33

See the below example of returning an optional of UserName - a movable/copyable class.

std::optional<UserName> CreateUser()
{
   UserName u;
   return {u}; // this one will cause a copy of UserName
   return u;   // this one moves UserName
}


int main()
{
   auto d = CreateUser();
}

Why does return {u} cause a copy and return u a move?

Here's the related coliru sample: http://coliru.stacked-crooked.com/a/6bf853750b38d110

Another case (thanks to the comment from @Slava):

std::unique_ptr<int> foo() 
{ 
    std::unique_ptr<int> p; 
    return {p};  // uses copy of unique_ptr and so it breaks...
}
4
  • You forgot to remove unrelated to question operator new and delete in the example.
    – Slava
    Jul 18, 2018 at 13:13
  • 1
    @Slava deleted the delete/new overloads
    – fen
    Jul 18, 2018 at 13:16
  • 1
    Simpler code to reproduce: std::unique_ptr<int> foo() { std::unique_ptr<int> p; return {p}; }
    – Slava
    Jul 18, 2018 at 13:19
  • thanks @Slava - I've updated the question
    – fen
    Jul 18, 2018 at 13:25

3 Answers 3

29

Because returning a name of an object with automatic storage duration is treated as returning an rvalue of the object. Note this works only if the expression in the return statement is a (possibly parenthesized, not including braces) name, like return u; or return (u);, so return {u}; works as usual, i.e. the copy constructor is invoked.

Related part in the standard [class.copy.elision]/3:

In the following copy-initialization contexts, a move operation might be used instead of a copy operation:

  • If the expression in a return statement ([stmt.return]) is a (possibly parenthesized) id-expression that names an object with automatic storage duration declared in the body or parameter-declaration-clause of the innermost enclosing function or lambda-expression, or
  • ...

overload resolution to select the constructor for the copy is first performed as if the object were designated by an rvalue.

2
  • I don't understand why return{u} didn't get the same treatment as the others, I mean it's a return statement, the variable "u" is going out of scope, is there a case where a COPY should be used? Dec 11, 2020 at 16:45
  • @watashiSHUN I don't know. It's the rule. I think only the committee who made this rule knows the reason.
    – xskxzr
    Dec 14, 2020 at 3:12
6

This is a kind of braced-init-list. [dcl.init.list]/1.3

To be even more specific, it is an " expr-or-braced-init-list [dcl.init]/1

of a return statement " [stmt.return]/2

A return statement with any other operand shall be used only in a function whose return type is not cv void; the return statement initializes the glvalue result or prvalue result object of the (explicit or implicit) function call by copy-initialization from the operand.

From this point, let me qoutes xskxzr's answer that mention [class.copy.elision]/3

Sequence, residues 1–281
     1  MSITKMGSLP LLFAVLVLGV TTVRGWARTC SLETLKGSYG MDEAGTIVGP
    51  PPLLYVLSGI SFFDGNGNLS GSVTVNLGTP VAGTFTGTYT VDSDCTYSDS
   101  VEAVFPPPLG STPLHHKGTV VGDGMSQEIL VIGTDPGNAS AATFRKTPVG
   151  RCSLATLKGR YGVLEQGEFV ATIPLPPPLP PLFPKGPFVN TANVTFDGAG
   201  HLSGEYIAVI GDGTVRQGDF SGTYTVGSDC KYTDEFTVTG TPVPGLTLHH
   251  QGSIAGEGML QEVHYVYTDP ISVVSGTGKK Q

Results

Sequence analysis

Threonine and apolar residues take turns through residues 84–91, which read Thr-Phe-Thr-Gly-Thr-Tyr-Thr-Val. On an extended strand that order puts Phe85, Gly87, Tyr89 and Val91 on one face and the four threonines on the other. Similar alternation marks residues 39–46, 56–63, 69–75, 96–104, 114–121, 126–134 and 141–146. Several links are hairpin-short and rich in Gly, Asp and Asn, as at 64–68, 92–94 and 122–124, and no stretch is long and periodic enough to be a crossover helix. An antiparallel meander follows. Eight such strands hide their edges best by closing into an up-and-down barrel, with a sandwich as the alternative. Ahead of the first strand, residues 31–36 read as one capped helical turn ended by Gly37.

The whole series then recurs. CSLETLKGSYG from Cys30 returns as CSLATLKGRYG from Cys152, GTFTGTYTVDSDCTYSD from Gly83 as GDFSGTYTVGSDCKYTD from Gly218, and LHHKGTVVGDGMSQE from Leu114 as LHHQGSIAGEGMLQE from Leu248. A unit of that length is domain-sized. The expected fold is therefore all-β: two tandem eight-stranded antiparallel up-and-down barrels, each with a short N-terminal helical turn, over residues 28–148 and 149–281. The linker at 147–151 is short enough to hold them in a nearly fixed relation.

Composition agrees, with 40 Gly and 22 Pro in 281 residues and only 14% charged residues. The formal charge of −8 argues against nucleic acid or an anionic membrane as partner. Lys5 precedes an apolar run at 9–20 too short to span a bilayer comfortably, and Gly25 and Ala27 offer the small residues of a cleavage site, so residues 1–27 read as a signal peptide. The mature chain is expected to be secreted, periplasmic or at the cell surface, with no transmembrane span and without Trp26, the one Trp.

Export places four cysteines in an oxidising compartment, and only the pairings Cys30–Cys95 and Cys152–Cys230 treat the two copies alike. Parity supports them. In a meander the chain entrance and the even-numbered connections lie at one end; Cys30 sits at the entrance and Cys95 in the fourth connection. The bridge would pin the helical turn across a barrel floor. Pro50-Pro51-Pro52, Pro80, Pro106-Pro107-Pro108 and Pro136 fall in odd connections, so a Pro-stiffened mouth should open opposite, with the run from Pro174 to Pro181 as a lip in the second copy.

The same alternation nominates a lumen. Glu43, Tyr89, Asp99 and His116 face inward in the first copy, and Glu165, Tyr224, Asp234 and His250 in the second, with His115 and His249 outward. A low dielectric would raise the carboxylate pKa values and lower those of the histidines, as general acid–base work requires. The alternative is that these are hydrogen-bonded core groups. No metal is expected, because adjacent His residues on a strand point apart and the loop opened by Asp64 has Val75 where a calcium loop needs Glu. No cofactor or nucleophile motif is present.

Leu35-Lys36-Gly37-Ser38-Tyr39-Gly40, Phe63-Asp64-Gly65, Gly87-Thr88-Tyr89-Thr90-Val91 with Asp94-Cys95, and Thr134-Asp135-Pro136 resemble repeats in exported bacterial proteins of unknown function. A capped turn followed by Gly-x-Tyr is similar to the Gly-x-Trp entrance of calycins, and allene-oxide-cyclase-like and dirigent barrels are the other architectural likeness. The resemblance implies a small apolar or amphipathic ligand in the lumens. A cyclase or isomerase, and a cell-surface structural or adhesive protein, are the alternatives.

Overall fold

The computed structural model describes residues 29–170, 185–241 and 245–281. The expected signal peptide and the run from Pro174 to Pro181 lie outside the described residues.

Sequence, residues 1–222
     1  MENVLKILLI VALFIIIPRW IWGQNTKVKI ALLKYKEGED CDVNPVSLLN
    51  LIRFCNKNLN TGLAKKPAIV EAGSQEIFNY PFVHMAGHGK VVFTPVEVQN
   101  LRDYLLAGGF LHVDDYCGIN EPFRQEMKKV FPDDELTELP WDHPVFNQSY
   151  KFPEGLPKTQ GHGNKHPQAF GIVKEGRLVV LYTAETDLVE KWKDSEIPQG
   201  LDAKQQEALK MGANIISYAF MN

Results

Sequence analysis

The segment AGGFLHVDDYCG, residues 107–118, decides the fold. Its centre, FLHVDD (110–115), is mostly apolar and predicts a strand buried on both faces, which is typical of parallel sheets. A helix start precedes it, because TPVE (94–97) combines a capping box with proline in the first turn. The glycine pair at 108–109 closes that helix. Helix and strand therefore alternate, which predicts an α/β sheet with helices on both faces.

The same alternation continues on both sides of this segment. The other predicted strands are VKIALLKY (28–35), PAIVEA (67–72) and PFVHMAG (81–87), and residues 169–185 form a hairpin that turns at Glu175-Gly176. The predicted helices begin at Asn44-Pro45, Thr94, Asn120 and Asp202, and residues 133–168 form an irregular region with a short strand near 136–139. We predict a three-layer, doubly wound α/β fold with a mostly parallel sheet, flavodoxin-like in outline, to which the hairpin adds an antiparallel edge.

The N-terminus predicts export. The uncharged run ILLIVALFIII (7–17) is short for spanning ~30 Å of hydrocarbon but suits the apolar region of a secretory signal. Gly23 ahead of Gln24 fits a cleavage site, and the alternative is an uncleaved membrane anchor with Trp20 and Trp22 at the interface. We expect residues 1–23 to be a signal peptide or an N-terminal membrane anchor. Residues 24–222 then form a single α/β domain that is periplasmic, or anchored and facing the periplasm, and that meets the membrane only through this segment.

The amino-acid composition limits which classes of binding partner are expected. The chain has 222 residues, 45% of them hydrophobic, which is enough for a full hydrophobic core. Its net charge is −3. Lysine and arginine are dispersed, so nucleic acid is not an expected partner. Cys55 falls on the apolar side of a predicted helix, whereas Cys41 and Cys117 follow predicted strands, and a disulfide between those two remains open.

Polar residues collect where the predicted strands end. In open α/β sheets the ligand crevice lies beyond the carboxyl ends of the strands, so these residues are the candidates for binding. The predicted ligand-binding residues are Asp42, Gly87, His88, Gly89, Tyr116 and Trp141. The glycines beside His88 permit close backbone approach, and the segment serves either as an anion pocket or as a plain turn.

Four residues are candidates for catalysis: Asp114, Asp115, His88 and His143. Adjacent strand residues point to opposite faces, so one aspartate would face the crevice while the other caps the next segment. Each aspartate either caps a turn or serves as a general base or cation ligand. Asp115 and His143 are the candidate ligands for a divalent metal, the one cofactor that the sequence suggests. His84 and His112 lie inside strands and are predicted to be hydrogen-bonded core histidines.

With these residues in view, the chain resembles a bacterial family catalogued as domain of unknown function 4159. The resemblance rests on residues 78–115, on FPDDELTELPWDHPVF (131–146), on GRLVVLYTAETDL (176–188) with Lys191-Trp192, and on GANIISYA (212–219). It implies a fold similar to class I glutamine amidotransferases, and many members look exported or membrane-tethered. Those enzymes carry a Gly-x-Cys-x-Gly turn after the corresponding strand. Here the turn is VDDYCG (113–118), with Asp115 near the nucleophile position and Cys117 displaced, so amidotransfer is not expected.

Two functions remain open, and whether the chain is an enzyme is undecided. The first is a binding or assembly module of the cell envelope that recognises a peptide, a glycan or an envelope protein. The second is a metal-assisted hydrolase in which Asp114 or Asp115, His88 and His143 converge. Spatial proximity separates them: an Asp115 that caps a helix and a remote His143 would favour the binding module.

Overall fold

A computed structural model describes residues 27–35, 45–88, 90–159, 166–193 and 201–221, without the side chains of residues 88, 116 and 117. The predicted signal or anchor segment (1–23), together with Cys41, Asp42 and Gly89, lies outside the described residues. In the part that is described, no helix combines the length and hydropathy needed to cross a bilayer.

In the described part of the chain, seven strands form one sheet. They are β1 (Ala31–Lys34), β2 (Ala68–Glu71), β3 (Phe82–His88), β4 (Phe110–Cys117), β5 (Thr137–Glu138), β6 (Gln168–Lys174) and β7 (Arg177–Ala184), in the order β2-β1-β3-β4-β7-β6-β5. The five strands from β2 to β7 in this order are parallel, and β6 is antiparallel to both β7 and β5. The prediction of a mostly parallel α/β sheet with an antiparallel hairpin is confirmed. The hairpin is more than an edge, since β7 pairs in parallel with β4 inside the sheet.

In the following copy-initialization contexts, a move operation might be used instead of a copy operation:

  • If the expression in a return statement ([stmt.return]) is a (possibly parenthesized) id-expression that names an object with automatic storage duration declared in the body or parameter-declaration-clause of the innermost enclosing function or lambda-expression, or

In normal human words, the reason that copy is called instead of move because braced-init-list call u that happened to be lvalue.

So, you may wanna know if braced-init-list call u that is rvalue ...

return {std::move(u)};

Well, u is moved to a new rvalue of UserName and copy elision works right after.

So this takes one move as in

return u;

godbolt.org/g/b6stLr

wandbox.org/permlink/7u1cPc0TG9gqToZD

#include <iostream>
#include <optional>

struct UserName
{
  int x;
  UserName() : x(0) {};
  UserName(const UserName& other) : x(other.x) { std::cout << "copy " << x << "\n"; };
  UserName(UserName&& other)      : x(other.x) { std::cout << "move "  << x << "\n"; };
};

std::optional<UserName> CreateUser()
{
  UserName u;
  return u;   // this one moves UserName
}

std::optional<UserName> CreateUser_listinit()
{
  UserName u;
  auto whatever{u};
  return whatever;
}

std::optional<UserName> CreateUser_listinit_with_copy_elision()
{
  UserName u;
  return {u};
}

std::optional<UserName> CreateUser_move_listinit_with_copy_elision()
{
  UserName u;
  return {std::move(u)};
}

int main()
{
  std::cout << "CreateUser() :\n";
  [[maybe_unused]] auto d = CreateUser();

  std::cout << "\nCreateUser_listinit() :\n";
  [[maybe_unused]] auto e = CreateUser_listinit();

  std::cout << "\nCreateUser_listinit_with_copy_elision() :\n";
  [[maybe_unused]] auto f = CreateUser_listinit_with_copy_elision();

  std::cout << "\nCreateUser_move_listinit_with_copy_elision() :\n";
  [[maybe_unused]] auto g = CreateUser_move_listinit_with_copy_elision();
}

print

CreateUser() :
move 0

CreateUser_listinit() :
copy 0
move 0

CreateUser_listinit_with_copy_elision() :
copy 0

CreateUser_move_listinit_with_copy_elision() :
move 0
1

return { arg1, arg2, ... } ;

is copy-list-initialization. the (return) object is initialized from the initializer list by copy-initialization for copy-list-initialization

3
  • 1
    but return u; is also a copy initialization, as mentioned copy initialization - cppreference.com
    – fen
    Jul 18, 2018 at 13:26
  • @fen copy initialization is not the same as copy list initialization
    – Caleth
    Jul 18, 2018 at 14:29
  • This doesn't actually. answer the question. Yes, return {u}; is copy-list-initialization. True. However, why does that copy while the other one moves?
    – Barry
    Jul 18, 2018 at 14:32

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